General News of Wed, 3 Jan 201832
Free SHS: 'You’re on right path; ignore critics' – Campbell
A Parish Priest of the Christ the King Church, in Accra, Rev. Father Andrew Campbell, has congratulated President Nana Addo Dankwa Akufo-Addo on some of the policy decisions he has taken since assuming office on 7th January 2017, and urged him not to be disillusioned by his critics.
Congratulating President Akufo-Addo on the implementation of the Free Senior High School Policy, Rev. Father Andrew Campbell indicated that “as people involved in providing support to several needy children to get education, we are well placed to assess the impact of such a transformative policy on most families in Ghana, and also offer some comment.”
He continued, “Please, do not be disillusioned by your critics and the implementation difficulties you will encounter. Sir, you are on the right path and do have our full support.”
Rev. Father Campbell made this known on Wednesday, 3rd January, 2017, when he paid a courtesy call on President Akufo-Addo, at the Flagstaff House.
Touching on the President’s decision and action on illegal mining, popularly referred to as galamsey, Father Andrew Campbell acknowledged that though a very difficult decision to take, President Akufo-Addo has managed to implement it, and it deserves commendation.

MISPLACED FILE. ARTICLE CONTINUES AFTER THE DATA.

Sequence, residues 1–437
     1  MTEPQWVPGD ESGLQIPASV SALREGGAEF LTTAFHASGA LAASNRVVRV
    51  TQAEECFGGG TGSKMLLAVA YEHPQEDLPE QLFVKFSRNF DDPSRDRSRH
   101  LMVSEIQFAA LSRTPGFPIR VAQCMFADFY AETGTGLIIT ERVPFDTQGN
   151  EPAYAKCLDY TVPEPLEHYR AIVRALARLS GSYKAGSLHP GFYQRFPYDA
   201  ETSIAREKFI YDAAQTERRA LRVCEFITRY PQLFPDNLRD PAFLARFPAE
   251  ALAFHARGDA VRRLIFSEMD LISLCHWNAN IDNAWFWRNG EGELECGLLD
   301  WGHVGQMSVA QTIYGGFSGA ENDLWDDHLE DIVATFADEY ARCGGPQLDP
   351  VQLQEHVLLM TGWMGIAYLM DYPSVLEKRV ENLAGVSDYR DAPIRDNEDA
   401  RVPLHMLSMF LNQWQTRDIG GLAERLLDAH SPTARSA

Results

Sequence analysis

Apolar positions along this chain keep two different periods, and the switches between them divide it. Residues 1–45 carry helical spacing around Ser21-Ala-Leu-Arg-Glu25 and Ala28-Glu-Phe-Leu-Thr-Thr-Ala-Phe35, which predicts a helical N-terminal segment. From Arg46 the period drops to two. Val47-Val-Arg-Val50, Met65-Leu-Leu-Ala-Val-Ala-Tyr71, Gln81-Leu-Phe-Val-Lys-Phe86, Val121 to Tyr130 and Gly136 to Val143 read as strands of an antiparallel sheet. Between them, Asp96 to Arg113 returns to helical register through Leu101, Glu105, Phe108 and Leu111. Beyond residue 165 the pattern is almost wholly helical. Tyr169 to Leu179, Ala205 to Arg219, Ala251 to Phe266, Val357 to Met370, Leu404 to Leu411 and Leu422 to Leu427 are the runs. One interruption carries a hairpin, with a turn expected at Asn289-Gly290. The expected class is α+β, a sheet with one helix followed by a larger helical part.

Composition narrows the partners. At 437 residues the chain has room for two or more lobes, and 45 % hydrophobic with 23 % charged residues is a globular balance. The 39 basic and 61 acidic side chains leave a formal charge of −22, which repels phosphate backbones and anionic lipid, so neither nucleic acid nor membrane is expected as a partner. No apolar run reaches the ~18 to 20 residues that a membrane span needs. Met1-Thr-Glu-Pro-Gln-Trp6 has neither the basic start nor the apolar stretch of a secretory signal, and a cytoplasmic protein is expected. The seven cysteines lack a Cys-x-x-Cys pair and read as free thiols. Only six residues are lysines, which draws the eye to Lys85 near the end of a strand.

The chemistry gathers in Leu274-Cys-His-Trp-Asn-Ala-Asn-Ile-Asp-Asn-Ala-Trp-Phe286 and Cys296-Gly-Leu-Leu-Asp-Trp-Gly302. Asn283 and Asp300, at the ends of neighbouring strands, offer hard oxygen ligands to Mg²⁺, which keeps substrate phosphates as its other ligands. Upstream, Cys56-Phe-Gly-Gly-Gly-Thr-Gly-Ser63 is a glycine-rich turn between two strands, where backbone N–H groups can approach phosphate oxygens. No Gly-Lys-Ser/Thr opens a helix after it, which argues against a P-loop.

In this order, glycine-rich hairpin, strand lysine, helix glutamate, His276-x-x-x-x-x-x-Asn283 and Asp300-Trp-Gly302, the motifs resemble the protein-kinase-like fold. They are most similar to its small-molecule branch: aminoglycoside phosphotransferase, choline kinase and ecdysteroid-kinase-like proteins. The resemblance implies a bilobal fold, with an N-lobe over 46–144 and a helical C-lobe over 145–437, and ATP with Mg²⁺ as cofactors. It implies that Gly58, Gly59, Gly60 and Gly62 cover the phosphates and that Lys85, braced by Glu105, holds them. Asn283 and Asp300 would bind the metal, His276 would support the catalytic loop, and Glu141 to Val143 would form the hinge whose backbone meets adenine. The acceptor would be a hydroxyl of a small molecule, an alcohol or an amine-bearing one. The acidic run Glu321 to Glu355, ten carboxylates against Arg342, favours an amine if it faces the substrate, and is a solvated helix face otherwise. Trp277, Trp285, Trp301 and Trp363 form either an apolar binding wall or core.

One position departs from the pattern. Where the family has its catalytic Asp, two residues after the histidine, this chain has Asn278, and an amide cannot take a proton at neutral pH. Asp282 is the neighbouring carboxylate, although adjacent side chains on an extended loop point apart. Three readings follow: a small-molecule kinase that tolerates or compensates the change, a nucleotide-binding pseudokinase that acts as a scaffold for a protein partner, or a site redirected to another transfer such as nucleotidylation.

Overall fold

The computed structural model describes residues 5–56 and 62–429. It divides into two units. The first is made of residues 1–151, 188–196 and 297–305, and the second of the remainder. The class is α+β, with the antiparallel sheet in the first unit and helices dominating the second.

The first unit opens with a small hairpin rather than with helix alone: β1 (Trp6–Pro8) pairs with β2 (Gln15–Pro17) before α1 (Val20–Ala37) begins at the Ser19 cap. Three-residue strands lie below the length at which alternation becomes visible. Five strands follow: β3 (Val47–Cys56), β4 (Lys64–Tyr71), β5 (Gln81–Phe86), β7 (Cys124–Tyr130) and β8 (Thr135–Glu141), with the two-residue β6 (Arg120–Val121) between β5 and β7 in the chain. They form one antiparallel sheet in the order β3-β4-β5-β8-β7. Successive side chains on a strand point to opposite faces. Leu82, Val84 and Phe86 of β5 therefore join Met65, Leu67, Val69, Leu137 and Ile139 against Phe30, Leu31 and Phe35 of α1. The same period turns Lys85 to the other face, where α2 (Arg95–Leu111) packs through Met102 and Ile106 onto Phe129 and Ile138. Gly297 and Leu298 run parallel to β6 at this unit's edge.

“Please see it to the very end, which includes restoring degraded environment, including the water bodies and the vegetation, and facilitating the young ones involved to get skills training and sustainable employment. Importantly, make sure that Ghana never experiences this menace again by enforcing rules and regulations without fear or favour,” he added.
Rev. Father Campbell also congratulated the President on programmes such as Planting for Food and Jobs, and the 1-District-1-Factory initiative, adding that “we are very interested in these programmes because of their employment generation potential, especially for our youth”.
The Parish Priest urged the President not to relent in his resolve to eliminate indiscipline, especially bribery and corruption from Ghanaian culture.
“We urge you not to look at persons, positions, relations and status in enforcing rules and regulations. This is the only way that the habit of discipline will be built. Additionally, Sir, as you punish wrong doing, try to reward right or honest behaviour, especially in public office. This, we believe, is a sure path to bringing about change.
“The change that Ghana needs, in our view, is about each and every Ghanaian behaving differently, and starting with those in leadership. We are solidly behind you.”